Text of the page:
I strongly believe in a regular run-through of your wardrobe to keep it fresh and full of only the necessities. Wading through tons of clothes you never wear everytime you get dressed is overwhelming, frustrating, and impractical for many of us with smaller closets! Follow my tips for what to keep, what to give away, and how to deal with with those pieces you just don't know what to do with.
Keep: out of style investment pieces that are still in great shape.
The fashion world is cyclical, so things come in and out of style. If it's an outlandish trend you never want to see again, it may be worth parting with, but sometimes it's worth it to box it up and get it out of your face, but make it available to you at a later date. You never know when you'll suddenly wish you had those cowboy boots again, so if you spent well on them, and they're still in good shape, don't say goodbye to them just yet.
Give Away: things that don't fit you anymore (and probably never will).
There's a difference between a dress you love being a size too small after you've put on a few pounds you intend to shed, and a dress not fitting you since high school. Similar is the top that hasn't fit you the same since you lost some weight, and you loved it before... but it just doesn't look good anymore. You don't need these items haunting you in your closet, and they're just taking up space. Shoes are also important to only keep if they really fit. If you have a pair of heels that you love SO MUCH when they aren't on your feet, but they were only available a half size too small and pinch your toes... get rid of those torture devices.
Keep: expensive denim.
When you invest in a great pair of jeans, you know it. You feel better about your body, you feel simultaneously comfortable and glamorous, all because of how the jeans fit you. Don't say goodbye to denim just because it's an out-of-style color or has a rip at the knee. Save it for later, sew a patch on it, and the last step you should take for denim that seems like a lost cause is to turn them into cut-offs. There's a reason why fashionistas go to such great lengths to keep their denim in mint condition (follow their example by keeping washes semi-rare and avoid throwing them in the dryer at all costs!)... when you find that amazing pair of jeans, they've earned a long-term place in your life (and closet).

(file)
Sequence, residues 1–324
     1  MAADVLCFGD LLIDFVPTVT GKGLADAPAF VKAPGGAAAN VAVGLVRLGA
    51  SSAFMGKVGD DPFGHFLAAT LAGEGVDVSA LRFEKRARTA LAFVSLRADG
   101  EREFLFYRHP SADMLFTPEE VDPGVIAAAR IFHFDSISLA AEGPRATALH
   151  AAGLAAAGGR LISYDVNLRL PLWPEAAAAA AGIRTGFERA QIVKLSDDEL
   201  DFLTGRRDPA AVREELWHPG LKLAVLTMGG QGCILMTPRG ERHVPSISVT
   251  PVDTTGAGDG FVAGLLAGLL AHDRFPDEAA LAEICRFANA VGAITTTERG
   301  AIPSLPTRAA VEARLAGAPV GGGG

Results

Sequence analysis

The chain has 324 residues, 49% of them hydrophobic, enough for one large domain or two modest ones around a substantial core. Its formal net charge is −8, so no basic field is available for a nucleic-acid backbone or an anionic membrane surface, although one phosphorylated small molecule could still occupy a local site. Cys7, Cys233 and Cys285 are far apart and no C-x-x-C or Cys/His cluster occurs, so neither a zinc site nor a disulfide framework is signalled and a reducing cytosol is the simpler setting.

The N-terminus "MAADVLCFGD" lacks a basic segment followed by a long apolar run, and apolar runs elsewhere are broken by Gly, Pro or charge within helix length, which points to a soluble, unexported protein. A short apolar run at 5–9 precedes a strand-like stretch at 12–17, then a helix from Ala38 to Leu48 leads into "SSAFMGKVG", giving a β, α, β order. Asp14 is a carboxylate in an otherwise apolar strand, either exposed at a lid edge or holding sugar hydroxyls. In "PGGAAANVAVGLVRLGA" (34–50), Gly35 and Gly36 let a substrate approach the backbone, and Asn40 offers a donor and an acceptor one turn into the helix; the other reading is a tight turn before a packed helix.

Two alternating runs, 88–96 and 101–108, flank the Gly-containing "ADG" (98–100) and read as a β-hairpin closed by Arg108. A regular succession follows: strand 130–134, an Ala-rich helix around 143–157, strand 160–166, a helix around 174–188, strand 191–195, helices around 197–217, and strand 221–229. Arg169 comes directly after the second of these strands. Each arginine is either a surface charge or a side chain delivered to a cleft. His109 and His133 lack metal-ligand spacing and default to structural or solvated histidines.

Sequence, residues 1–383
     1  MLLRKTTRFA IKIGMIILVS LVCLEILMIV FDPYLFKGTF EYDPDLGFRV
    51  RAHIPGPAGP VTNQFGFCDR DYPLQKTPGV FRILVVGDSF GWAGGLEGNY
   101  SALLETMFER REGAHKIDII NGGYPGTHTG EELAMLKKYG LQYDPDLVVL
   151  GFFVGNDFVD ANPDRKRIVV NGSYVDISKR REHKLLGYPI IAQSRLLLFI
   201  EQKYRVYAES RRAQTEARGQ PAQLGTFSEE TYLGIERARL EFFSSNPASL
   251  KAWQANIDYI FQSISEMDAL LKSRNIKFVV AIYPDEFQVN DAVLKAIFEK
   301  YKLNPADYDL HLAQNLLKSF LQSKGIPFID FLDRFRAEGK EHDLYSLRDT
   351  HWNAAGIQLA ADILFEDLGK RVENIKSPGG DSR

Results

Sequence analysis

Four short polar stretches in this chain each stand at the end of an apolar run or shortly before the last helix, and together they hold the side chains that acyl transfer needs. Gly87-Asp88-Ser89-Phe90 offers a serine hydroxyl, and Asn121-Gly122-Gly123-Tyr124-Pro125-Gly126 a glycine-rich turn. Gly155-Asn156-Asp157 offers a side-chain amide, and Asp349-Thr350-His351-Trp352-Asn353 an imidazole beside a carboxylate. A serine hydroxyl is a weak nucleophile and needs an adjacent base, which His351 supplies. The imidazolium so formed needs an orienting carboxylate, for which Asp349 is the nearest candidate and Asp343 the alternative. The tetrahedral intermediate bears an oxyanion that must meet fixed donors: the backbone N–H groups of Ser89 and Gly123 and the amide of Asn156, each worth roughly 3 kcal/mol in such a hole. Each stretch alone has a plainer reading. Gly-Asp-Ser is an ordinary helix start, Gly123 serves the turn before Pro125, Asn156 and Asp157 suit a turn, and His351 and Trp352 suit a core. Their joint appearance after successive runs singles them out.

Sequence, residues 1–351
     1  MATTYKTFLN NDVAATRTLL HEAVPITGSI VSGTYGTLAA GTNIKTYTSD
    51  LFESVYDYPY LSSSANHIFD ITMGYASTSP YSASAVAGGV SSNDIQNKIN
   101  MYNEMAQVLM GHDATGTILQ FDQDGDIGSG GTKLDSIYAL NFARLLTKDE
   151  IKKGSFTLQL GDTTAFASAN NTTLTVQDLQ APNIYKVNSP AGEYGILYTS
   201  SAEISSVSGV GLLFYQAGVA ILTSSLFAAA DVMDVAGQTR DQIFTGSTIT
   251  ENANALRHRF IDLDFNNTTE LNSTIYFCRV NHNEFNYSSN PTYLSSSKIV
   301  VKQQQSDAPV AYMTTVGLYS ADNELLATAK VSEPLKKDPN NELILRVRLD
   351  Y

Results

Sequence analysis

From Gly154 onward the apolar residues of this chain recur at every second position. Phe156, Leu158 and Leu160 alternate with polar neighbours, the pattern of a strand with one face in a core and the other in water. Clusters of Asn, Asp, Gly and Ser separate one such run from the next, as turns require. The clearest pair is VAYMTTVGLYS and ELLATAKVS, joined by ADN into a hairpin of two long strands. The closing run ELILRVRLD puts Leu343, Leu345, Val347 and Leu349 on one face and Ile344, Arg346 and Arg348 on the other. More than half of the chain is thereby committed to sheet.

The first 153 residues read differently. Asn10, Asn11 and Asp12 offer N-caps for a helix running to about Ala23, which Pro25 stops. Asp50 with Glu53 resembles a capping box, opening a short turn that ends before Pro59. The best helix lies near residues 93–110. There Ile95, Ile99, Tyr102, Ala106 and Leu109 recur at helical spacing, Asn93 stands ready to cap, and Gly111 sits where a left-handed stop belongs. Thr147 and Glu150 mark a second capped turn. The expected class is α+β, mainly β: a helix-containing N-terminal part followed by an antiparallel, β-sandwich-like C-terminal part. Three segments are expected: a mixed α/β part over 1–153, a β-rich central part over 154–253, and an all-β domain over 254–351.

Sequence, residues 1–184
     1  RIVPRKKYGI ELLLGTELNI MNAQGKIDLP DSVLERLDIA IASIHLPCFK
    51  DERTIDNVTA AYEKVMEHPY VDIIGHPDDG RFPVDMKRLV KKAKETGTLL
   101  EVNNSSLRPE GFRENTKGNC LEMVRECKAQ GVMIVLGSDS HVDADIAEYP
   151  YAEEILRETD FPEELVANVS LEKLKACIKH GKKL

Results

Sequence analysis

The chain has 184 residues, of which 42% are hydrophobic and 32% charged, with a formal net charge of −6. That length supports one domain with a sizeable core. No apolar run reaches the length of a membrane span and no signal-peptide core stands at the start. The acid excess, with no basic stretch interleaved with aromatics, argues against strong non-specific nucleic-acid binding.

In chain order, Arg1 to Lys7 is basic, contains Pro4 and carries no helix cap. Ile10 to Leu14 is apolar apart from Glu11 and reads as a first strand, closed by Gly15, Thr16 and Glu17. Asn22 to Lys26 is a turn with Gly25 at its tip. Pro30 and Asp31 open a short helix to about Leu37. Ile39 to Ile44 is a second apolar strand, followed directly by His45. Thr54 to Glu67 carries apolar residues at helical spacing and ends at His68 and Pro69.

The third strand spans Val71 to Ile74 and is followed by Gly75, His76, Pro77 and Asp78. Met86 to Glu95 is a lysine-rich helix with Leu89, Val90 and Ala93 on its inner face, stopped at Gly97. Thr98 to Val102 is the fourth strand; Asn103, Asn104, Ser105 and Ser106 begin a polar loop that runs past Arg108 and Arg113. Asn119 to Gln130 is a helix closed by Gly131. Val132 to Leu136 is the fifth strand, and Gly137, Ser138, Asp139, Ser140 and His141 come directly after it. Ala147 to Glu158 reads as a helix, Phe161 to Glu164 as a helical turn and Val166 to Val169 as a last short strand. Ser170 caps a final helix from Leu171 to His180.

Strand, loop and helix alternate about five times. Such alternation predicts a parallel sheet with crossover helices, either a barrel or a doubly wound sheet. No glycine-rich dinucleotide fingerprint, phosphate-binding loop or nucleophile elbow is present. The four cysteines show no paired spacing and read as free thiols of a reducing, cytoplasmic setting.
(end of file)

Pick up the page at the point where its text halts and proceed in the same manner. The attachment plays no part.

Give Away: anything age-innapropriate.
This isn't just about modesty, as different cuts suit different bodies. But look through each piece and think about how long it's been since you wore it, and how you feel about someone your age wearing it. You may have outgrown the spandex minidress you wore in college to parties, or may feel like the kitty-print tee is a little juvenile for you. That's ok! You don't have to feel sad about it, just think about the younger generation and if they could wear it, then give it away.
Give Away: anything that feels un-you.
Fashion is about identity, about having fun, about expressing yourself. No matter the case, if you have something in your closet that feels like a repression of your personality when you wear it, get it out of there. If you have it for a sentimental reason, keep it elsewhere, but if you once wore it and now can't stand the thought of putting it on, keep the past in the past and give it up. You are independent and in control of how you present yourself. Any garment that goes against this projection of yourself doesn't belong in your closet.